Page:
By- Serious divisions have rocked President Emmerson Mnangagwa’s ruling Zanu PF home province of Midlands following controversial primary elections that were marred by vote rigging and violence.
The Standard reports that Zanu PF has since lined up a series of crisis meetings to cool simmering tensions and divisions following the chaotic primary polls.
It emerged that party members were shunning meetings called by some party candidates triggering fears of protest votes in the upcoming elections.
In Gokwe, former Cabinet minister Flora Buka, who beat sitting Gokwe-Nembudziya legislator Justice Mayor Wadyajena on Friday called for a meeting that was attended by 17 party supporters, The Standard has established.
Zanu PF held primary elections last month, but was forced to conduct re-runs in five constituencies and 27 wards two weeks later following complaints that the initial polls were rigged.
Some party heavyweights such as Justice minister Ziyambi Ziyambi and Wadyajena fell by the wayside.
The party received complaints of gross voter malpractices from over 150 of the 210 constituencies across the country, raising fears that this could be Zanu PF’s worst run internal poll in recent years.
Developments across the country show that the ruling party is failing to quickly heal after the primaries with some members now shunning party meetings.
There has been a very low turnout of supporters in meetings called by the new candidates, forcing the party to deploy senior members to try to unite provincial and district structures.
Midlands and Masvingo, largely viewed as presidential contest deciders, are the most hit with internal communication showing that top party member Lovemore Matuke, who is in charge of security in the politburo, is heading to Midlands on Tuesday to try and address the fissures.
Matuke will address the provincial chairman, provincial commissar and his deputy, provincial secretary for security and the top six of all the eight district coordinating committees and executive committees in Midlands.
All the 28 party candidates for the National Assembly have also been summoned to the crunch meeting.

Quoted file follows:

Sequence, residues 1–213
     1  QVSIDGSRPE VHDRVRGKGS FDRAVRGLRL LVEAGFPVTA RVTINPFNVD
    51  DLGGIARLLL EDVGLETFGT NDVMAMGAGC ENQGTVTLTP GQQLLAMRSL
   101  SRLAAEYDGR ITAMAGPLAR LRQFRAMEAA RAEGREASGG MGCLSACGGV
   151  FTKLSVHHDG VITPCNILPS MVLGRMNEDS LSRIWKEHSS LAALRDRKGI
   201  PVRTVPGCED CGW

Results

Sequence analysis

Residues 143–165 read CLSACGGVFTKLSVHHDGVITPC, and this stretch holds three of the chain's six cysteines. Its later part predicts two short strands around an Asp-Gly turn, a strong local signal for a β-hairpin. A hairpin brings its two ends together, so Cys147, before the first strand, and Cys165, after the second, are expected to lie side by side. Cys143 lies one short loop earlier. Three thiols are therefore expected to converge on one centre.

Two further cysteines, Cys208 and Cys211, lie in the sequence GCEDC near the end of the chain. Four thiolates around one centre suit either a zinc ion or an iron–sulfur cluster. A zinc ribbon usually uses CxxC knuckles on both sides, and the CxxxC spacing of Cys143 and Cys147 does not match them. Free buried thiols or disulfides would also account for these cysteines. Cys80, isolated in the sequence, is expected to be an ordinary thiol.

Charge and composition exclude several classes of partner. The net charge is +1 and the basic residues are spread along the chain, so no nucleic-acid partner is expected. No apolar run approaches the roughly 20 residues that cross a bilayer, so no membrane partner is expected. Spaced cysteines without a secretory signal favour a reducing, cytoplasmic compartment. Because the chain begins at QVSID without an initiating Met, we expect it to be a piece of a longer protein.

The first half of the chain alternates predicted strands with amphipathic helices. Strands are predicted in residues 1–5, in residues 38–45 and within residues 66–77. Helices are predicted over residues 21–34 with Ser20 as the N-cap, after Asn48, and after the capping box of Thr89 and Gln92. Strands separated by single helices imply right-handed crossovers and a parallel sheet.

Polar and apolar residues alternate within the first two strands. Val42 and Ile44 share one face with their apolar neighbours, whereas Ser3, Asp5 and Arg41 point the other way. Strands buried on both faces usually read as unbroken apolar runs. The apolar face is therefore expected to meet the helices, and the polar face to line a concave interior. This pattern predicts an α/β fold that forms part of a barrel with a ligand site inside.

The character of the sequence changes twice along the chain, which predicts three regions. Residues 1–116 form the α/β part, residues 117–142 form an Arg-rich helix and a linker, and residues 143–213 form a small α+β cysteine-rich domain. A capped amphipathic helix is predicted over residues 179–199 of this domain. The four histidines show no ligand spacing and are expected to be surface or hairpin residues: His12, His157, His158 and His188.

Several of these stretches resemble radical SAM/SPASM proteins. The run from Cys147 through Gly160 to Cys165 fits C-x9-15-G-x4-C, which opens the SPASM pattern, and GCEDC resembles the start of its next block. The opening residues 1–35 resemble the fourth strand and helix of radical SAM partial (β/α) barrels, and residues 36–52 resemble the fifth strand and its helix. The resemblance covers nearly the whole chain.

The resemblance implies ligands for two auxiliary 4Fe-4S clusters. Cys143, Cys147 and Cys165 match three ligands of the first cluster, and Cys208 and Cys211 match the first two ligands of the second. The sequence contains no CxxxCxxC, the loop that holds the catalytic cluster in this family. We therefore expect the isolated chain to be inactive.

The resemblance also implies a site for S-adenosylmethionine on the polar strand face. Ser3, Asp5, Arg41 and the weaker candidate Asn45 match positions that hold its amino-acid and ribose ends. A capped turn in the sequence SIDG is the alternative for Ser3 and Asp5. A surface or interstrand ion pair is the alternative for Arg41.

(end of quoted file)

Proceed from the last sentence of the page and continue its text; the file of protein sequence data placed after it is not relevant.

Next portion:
“Please be advised that there will be a special meeting to be addressed by the national secretary for security Cde L. Matuke and members of his delegation on (Tuesday) May 16, 2023 Time: 11am Venue: The Midlands Convention Centre — Gweru,” the notice reads.
“The meeting will discuss issues in regard to challenges being encountered by constituencies or matters related to lack of cohesion after the party primaries.”
Matuke, when contacted for comment, yesterday said party spokesperson Christopher Mutsvangwa would issue a detailed statement.
Mutsvangwa was not reachable for comment.
Another notice addressed to Wadyajena, the DCC chairperson and senior provincial member, Edson Chiherenge, confirmed the party’s fear over the “activities of the CCC in Gokwe North”.
“Please be advised that after noting the activities of the opposition party (CCC) in Gokwe North the province saw it fit to deploy the provincial commissar (Maud Gwenya) and her entourage to address meetings in the troubled areas you are to identify.
“The provincial commissar will be at your disposal from the afternoon of (Thursday) May 11, 2023 to (Saturday) May 13, 2023.”
Zanu PF supporters told The Standard that most people were snubbing the party because they felt the elections were rigged.
The party’s primaries were run by Forever Associate Zimbabwe (FAZ), controlled by the Central Intelligence Organisation and Heritage, which is linked to the army.
FAZ, led by CIO deputy director general Walter Tapfumaneyi had the major say in the elections, according to a Zanu PF internal document titled Talking Points dated March 27.
Mnangagwa has been coy about the election dates, but on Friday he indicated that the polls would be held in August.
A poll by a London-based public relations organisation, the SABI Strategy Group that was commissioned by the South African Brenthurst Foundation late last year said 53% of respondents said they would vote for the 45 year-old Citizens Coalition for Change leader Chamisa while 40% said they would vote for the incumbent.
An Afrobarometer survey in February this year said the opposition enjoyed a four point advantage (48%) over the ruling Zanu PF (44%) in voting preferences.